Take a look at this horses patoot leading his people into Sodom and Gommorah with his shillelagh.
Arron collecting his applause at the bottom of Mt. Sinai, telling us his pride is busting out all over.
What's not to be proud of?
A Pope has arrived proclaiming the sacrament of fornication. The great division is here. Rome has fallen again. Cardinal Dolan is the Grand Marshall of the celebration of victory through the streets of New York.
We should have dressed up as Nero and played the fiddle behind this madman.
Can you imagine anyone trying to come in after Pope Francis who tries to lead Christ's people out of the Roman entrenchment into the diabolical?
Good times ahead.
If you are not signed up for Fr. Rutler's weekly homilies, you are missing out on the observations of a valuable historian and prophet. (You can sign up HERE on the right 'subscribe to Fr. Rutler's weekly column)
I highly recommend his weekly good dose of reality. This week's is below.
My family was never a fan of leprechauns. Their images were never used or encouraged in our homes. They loathed the stupid big hats and drunken, pagan celebration our Catholic Feast day had become in America.
We wear a green carnation with a green ribbon with a medal of St. Patrick. We go to Church. We would make a boiled dinner, soda bread and connect to talk about our ancestors and their lives in Dublin, their immigration to America, their settlement in Roxbury near St. Pat's on Dudley Street.
When I saw the video of this bleephole, I thought about my grandparents, parents, aunts, uncles, now all deceased - and hoped they are praying for us in this valley of tears.
FROM THE PASTOR
March 15, 2015
by Fr. George W. Rutler
Maewyn Succat did not have an easy time embracing the Faith. Although his father Calpurnius was a deacon, Maewyn indulged a spirited youthful rebellion against what he had been taught, and it was only after being kidnapped by superstitious people called Druids that he realized the difference that Christianity makes in the souls of men and the character of cultures. This was in the fifth century, and Maewyn, probably born in the Cumbria part of England near the Scottish lands, was roughly contemporary with the bishop Augustine in North Africa who watched the decay of the Roman Empire. Maewyn eventually became a bishop in Rome where Pope Celestine I re-named him Patricius, the “Father of His People.” His people were to be in the land of Eire where he had suffered in virtual slavery.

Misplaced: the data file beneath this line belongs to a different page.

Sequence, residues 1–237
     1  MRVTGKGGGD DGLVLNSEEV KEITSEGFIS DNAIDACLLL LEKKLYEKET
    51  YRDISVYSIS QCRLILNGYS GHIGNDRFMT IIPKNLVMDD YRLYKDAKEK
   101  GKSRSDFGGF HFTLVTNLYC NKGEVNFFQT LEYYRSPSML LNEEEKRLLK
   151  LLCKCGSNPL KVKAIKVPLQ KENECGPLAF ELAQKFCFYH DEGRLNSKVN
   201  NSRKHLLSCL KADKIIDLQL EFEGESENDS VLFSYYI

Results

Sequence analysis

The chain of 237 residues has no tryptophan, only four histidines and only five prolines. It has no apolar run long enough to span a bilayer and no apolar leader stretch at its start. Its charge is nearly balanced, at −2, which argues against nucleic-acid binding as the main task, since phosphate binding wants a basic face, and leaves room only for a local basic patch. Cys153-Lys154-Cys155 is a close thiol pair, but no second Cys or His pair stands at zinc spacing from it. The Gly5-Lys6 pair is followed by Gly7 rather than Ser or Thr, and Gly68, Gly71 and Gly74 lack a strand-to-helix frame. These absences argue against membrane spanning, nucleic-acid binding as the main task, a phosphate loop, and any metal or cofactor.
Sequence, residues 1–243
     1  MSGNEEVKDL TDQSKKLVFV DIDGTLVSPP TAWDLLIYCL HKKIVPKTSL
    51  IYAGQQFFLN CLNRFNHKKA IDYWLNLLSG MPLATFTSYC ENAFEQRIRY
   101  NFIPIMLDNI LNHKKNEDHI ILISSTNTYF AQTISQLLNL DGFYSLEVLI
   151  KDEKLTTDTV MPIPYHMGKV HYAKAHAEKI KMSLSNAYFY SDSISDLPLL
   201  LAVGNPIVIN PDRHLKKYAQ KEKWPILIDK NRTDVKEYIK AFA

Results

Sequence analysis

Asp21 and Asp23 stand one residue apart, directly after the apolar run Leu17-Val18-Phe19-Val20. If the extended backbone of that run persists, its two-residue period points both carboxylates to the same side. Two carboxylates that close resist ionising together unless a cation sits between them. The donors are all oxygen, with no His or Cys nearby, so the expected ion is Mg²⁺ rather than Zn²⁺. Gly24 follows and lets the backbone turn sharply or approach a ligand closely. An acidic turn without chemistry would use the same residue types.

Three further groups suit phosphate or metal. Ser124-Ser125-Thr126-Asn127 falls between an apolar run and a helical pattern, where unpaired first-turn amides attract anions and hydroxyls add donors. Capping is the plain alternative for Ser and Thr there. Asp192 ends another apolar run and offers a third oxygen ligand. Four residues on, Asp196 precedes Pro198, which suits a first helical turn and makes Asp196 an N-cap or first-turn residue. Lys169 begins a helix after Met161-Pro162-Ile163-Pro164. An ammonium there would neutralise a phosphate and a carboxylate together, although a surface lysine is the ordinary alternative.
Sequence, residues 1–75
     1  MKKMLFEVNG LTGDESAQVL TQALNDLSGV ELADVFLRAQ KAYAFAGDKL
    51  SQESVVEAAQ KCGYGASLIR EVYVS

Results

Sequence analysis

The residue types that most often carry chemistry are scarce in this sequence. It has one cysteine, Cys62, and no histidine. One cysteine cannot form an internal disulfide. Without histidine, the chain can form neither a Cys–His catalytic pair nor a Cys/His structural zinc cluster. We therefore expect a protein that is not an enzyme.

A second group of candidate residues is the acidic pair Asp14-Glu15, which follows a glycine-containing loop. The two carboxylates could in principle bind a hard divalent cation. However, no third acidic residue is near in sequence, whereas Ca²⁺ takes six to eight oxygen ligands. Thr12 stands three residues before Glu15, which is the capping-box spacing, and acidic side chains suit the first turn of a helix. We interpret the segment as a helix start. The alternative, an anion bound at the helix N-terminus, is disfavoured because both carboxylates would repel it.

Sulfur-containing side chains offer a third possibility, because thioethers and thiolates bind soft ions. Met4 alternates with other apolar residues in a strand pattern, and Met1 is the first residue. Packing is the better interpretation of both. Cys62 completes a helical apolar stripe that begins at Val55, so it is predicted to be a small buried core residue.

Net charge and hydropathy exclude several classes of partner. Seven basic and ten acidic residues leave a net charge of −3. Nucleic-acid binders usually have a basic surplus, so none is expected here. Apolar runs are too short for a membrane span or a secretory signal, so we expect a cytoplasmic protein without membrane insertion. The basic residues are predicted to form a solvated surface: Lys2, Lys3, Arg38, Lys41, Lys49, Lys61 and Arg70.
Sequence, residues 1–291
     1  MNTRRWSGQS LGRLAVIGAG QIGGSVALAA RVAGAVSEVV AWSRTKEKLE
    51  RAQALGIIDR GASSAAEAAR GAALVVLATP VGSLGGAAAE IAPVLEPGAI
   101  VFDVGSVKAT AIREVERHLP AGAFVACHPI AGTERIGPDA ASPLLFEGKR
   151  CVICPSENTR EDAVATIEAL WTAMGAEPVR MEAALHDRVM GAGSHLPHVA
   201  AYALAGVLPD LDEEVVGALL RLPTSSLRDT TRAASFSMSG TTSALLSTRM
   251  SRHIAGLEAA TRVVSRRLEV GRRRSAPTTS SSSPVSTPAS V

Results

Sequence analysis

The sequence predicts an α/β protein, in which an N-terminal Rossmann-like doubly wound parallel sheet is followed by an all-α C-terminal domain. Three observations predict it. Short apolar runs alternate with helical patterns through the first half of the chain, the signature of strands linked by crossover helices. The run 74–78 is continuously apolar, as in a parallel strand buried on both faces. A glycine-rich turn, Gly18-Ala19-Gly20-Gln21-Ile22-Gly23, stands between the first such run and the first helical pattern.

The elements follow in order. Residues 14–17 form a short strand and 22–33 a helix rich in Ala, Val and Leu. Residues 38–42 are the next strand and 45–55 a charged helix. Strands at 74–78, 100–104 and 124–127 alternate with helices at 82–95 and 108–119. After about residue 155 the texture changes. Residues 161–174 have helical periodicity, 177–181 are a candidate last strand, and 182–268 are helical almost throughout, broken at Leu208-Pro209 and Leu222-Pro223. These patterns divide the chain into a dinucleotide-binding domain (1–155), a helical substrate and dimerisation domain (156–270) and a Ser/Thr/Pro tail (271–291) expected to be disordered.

Patrick was neither the first nor the only one to bring the Gospel there. Foundations were also laid by such missioners as Palladius, Ciarán of Saighir, Auxilius, Secundinus and Iserinus. One reason Patrick was sent to Ireland was to stem the spread of the Nestorian heresy, which misrepresented the “hypostatic union” of Christ as true God and true Man. A couple of centuries later, Nestorians in the East would influence Mohammed’s misunderstanding of Christ. Patrick was not subtle when it came to the truth: “That which I have set out in Latin is not my words but the words of God and of apostles and prophets, who of course have never lied. He who believes shall be saved, but he who does not believe shall be damned. God has spoken.”
If Patrick, whom the archdiocese of New York is privileged to invoke as its patron, could witness what has become of his feast in the streets of our city, he might think that the Druids were having their revenge. He certainly would decry the notion that his feast was merely a celebration of an ethnic identity which was not his, or of a conviviality not rooted in Christian moral reason. This Saint Patrick’s Day, Maewyn/Patricius would bond more instinctively with the beheaded and crucified martyrs in the Middle East and Nigeria (whose official patron is Patrick) now spilling their blood for Christ, than with some revelers on Fifth Avenue who pantomime his name while spilling beer. There is a difference between martyrs and leprechauns.
This is not to dampen good spirits and rightful celebration, risky though they are in these Forty Days when the shadow of the Cross looms larger daily. But it is a reminder of the cost of discipleship in a cynical culture, and of the heavy cost of succumbing to the threats of the morally bewildered who, with adolescent petulance, would intimidate the Church that carried the Gospel across the Irish Sea. Patrick said when he braved the dark pagan groves: “If I be worthy, I live for my God to teach the heathen, even though they may despise me.”